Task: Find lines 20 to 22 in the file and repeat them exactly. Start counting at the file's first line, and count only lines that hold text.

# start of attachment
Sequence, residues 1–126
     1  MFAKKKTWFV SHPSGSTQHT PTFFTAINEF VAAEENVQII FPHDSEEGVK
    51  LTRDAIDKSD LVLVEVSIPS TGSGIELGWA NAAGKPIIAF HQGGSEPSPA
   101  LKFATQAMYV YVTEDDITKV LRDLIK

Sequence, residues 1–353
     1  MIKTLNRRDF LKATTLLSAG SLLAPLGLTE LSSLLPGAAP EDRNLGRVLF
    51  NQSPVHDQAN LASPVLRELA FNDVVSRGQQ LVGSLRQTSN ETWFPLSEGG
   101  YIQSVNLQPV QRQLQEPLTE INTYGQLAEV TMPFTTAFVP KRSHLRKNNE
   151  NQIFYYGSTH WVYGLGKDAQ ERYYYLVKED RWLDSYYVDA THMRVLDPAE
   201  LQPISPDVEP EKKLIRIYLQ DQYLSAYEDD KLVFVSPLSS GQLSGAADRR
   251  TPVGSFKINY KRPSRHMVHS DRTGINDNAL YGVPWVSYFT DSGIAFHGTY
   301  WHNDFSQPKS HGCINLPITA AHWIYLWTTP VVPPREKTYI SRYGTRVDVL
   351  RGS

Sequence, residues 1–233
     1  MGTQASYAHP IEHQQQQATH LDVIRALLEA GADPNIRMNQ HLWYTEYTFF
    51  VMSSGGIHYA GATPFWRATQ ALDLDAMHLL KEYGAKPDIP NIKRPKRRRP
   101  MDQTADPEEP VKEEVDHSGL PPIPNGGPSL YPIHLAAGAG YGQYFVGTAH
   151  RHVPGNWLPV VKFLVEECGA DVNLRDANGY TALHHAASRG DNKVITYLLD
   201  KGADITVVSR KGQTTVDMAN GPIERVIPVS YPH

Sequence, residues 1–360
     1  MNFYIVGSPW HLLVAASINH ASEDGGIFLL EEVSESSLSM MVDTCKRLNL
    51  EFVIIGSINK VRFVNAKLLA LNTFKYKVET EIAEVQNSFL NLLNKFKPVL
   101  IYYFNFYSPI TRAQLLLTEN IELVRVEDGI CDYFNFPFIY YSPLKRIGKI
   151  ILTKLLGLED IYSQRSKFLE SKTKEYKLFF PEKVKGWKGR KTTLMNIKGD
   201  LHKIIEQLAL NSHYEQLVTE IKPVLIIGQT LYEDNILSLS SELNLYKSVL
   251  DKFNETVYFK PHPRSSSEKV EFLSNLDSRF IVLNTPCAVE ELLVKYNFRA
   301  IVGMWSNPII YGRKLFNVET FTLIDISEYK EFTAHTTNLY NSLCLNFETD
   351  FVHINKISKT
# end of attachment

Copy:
Sequence, residues 1–360
     1  MNFYIVGSPW HLLVAASINH ASEDGGIFLL EEVSESSLSM MVDTCKRLNL
    51  EFVIIGSINK VRFVNAKLLA LNTFKYKVET EIAEVQNSFL NLLNKFKPVL